Brent Council has published its Gender, ethnicity and disability pay gap report, revealing its mean gender pay gap fell from 7.2% to 5.2% last year.
But commenting on the findings, Debra Norman director of legal, HR, audit and investigations at the Council, believes the figures require close inspection.
She said improvements in the gender pay gap are most likely explained by there having been “increases in the number of males in the lowest pay quartile while the number of females within the upper quartile band has remained constant”.
The report also revealed that the Council’s ethnicity pay gap has improved, although by a smaller amount. During 2019 the mean pay gap was 16.5% and last year, the data showed it fell by just 0.1 percentage point to 16.4%.
Norman said: “Although there has been an increase of Bame [black, Asian and minority ethnic] employees in the highest paid quartile, the value of pay for Bame employees has on the whole stayed similar.”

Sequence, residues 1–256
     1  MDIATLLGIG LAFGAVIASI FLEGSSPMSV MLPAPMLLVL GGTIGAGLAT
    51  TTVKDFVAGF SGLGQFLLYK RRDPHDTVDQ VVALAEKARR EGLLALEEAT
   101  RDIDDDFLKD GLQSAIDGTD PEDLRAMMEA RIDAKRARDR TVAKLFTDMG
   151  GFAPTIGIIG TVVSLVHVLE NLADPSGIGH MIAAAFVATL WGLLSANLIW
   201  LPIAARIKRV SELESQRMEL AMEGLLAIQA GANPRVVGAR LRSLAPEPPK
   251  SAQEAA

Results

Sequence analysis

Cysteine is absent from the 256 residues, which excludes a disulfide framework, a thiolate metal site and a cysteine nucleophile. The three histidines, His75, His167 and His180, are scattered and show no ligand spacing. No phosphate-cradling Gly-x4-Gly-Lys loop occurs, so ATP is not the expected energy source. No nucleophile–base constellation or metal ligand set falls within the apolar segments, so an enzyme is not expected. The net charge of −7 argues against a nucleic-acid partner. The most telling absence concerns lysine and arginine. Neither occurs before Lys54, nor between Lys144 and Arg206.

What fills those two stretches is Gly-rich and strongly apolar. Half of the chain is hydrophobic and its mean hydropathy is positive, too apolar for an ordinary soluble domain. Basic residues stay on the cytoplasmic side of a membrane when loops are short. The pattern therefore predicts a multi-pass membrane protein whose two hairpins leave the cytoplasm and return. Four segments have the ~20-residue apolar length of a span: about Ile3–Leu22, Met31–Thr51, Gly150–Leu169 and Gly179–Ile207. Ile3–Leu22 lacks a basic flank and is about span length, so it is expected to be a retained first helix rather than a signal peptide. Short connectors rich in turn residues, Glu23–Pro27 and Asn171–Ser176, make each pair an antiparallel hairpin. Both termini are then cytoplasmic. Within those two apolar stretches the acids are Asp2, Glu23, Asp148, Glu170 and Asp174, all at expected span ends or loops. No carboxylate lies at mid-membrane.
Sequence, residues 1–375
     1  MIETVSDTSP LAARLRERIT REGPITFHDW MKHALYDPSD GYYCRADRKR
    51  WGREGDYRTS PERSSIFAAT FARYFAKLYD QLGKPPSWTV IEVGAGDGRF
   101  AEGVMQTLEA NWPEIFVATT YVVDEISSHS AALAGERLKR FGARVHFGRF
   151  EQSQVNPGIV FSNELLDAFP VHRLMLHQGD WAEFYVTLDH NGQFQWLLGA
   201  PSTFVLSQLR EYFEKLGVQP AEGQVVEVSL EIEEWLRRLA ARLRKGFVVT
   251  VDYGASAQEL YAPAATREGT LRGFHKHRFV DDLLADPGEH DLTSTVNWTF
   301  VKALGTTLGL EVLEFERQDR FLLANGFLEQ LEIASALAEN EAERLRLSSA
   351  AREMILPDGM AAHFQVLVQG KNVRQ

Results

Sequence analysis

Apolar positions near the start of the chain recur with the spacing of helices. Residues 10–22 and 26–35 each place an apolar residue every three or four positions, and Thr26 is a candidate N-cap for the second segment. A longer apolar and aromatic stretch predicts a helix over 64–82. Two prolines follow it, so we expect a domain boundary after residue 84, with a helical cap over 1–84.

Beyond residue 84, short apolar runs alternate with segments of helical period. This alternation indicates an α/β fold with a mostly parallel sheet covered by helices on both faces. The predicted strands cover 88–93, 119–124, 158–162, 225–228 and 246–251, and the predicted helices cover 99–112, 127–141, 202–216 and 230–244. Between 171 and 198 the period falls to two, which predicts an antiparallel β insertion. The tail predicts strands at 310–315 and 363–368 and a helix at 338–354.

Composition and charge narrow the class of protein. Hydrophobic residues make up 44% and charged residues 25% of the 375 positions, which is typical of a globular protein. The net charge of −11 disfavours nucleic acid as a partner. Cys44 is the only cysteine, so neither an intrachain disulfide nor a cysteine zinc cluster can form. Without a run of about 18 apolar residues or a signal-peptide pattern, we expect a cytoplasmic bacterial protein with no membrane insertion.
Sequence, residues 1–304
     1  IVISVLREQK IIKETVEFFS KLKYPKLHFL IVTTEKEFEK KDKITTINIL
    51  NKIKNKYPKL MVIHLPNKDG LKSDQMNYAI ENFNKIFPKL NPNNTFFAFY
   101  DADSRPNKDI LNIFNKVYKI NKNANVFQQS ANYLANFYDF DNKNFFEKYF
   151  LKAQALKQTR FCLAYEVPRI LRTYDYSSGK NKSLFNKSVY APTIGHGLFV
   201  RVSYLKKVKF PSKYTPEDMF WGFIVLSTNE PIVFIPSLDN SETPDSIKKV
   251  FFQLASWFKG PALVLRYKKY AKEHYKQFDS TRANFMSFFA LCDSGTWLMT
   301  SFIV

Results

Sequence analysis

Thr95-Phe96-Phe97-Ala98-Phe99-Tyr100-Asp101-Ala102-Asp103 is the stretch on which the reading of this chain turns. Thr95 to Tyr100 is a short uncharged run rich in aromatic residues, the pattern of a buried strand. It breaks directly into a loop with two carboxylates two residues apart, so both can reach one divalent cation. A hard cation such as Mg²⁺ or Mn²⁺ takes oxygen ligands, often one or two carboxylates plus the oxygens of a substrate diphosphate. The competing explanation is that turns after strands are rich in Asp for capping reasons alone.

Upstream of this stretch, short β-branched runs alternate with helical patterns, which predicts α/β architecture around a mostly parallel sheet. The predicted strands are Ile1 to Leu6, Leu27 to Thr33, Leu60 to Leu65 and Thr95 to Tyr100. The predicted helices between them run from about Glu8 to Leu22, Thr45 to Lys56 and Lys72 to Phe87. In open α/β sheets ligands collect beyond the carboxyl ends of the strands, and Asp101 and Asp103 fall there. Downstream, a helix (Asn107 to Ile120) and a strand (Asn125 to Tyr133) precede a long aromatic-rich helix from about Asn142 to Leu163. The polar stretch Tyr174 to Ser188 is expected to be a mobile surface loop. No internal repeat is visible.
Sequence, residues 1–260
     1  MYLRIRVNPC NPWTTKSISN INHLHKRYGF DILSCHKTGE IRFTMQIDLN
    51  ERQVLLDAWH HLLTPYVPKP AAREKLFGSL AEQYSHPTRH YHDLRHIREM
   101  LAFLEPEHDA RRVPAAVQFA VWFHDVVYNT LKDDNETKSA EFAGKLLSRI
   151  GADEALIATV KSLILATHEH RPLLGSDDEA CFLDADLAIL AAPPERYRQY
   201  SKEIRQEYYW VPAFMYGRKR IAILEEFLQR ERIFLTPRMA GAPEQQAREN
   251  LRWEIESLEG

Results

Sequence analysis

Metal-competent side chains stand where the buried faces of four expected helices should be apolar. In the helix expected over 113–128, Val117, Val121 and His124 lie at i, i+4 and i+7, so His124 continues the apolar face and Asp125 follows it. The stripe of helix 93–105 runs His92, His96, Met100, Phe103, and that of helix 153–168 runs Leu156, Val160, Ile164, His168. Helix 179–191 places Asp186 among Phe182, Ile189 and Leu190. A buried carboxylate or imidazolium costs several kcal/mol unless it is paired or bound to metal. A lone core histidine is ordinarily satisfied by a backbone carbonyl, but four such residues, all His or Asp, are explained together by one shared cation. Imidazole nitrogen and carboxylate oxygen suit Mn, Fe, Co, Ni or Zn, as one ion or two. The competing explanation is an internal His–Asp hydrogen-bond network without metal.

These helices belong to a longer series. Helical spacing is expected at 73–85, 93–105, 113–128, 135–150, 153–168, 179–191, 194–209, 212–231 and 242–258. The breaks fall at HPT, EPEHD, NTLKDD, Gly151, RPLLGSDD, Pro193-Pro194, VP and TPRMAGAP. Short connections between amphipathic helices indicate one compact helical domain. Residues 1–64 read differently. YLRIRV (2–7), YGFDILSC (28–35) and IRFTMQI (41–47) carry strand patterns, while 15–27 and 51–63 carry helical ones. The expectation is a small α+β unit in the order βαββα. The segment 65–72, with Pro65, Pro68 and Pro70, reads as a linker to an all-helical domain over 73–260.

She added: “The increase in the proportion of Bame staff in the upper quartile and decrease in proportion of Bame employees in the lowest quartile is likely to have been a major factor in the reduction of the median ethnicity pay gap from 18.2% to 14.2%.”
In terms of disability differences, the report showed the mean disability pay gap was 1.7% – which was actually higher than the 1% difference recorded in 2019.
However Norman said this headline figure hides nuances in the data – such as the council having increased its proportion of disabled staff in the upper-middle pay quartile and a decrease in the proportion of disabled employees in the lower quartiles. When these are taken into account, she said the median disability gap actually fell from 4.9% to 2.6%.
Martin Williams, head of human resources at Brent Council, said the results were “work in progress,” and the council confirmed it last year promoted more women and ethnic minority employees than it had done men and white groups. It added that 6% of all those promoted last year were disabled.
According to the report, more female new joiners were recruited to a pay band within the highest quartile than men, with Bame recruits comprising 24% of these.